The strategy of buying whatever sector has had the greatest price or earnings gains in the past twelve months seems to have come back in fashion, according to a recent article in Investment News.
The article cites a recent white paper by AQR that addressed momentum investment results and reported that “trend-following has delivered strong positive returns and realized a low correlation to traditional assets classes for more than a century.”
At the Morningstar ETF conference early in September, AQR principal Ronen Israel said that academic studies assume over-inflated trading costs associated with momentum investing (typically considered a disadvantage) and, further, that tax efficiencies are about as good as those related to a value strategy.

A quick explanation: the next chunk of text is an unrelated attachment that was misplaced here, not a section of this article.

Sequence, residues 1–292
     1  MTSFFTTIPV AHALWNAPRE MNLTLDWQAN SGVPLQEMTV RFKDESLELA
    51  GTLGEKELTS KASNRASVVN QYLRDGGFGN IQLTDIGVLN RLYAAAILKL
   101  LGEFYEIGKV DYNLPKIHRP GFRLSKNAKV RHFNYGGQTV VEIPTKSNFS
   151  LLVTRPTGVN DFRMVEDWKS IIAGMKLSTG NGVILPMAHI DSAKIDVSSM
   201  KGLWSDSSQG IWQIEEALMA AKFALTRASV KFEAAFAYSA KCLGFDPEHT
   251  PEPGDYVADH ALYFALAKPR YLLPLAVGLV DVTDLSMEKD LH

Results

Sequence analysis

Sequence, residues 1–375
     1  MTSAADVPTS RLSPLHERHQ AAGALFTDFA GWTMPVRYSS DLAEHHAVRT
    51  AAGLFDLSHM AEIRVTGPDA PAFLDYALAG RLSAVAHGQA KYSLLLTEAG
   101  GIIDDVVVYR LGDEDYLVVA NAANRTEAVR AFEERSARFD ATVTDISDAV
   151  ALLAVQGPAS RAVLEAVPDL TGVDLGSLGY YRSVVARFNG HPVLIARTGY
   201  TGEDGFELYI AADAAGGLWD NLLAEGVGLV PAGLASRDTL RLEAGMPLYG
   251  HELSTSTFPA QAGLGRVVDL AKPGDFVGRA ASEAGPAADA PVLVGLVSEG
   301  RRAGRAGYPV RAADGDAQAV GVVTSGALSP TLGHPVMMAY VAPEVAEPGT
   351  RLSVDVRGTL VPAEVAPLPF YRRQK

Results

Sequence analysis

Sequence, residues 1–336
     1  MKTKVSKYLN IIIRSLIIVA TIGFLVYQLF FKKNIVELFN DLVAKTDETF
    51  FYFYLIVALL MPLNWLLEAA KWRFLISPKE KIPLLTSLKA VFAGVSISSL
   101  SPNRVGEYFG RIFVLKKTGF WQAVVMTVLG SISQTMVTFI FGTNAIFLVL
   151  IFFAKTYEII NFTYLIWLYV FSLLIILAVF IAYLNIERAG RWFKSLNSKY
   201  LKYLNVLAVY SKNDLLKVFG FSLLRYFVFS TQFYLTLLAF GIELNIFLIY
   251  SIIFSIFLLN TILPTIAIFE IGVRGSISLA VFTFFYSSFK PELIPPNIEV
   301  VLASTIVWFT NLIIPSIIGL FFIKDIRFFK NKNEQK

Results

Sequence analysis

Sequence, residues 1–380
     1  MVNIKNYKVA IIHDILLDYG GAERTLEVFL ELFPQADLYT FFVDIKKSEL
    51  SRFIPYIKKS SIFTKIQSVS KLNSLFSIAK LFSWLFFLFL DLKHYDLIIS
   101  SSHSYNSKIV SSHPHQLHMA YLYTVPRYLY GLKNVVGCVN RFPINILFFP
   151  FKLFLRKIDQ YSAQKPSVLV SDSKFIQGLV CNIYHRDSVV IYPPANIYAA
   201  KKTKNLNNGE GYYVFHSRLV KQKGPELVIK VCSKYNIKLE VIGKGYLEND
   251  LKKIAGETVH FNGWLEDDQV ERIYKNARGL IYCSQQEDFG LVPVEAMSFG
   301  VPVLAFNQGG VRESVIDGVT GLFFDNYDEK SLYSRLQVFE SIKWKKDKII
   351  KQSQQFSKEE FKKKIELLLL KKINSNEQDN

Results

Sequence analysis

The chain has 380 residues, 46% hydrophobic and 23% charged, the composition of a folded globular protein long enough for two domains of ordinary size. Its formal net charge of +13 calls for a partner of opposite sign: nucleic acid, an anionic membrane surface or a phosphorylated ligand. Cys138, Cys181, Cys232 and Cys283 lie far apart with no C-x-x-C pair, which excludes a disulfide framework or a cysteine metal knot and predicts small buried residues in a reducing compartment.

The article notes that although value strategies have “generally been more popular with investors” this year, financial advisers are exhibiting increased interest. The ETF market, it says, “has been quick to catch on,” referring to a recently announced momentum-focused Fidelity fund that will seek “stocks of companies with historically high total and volatility-adjusted returns, high positive earnings surprises and low average short interest.”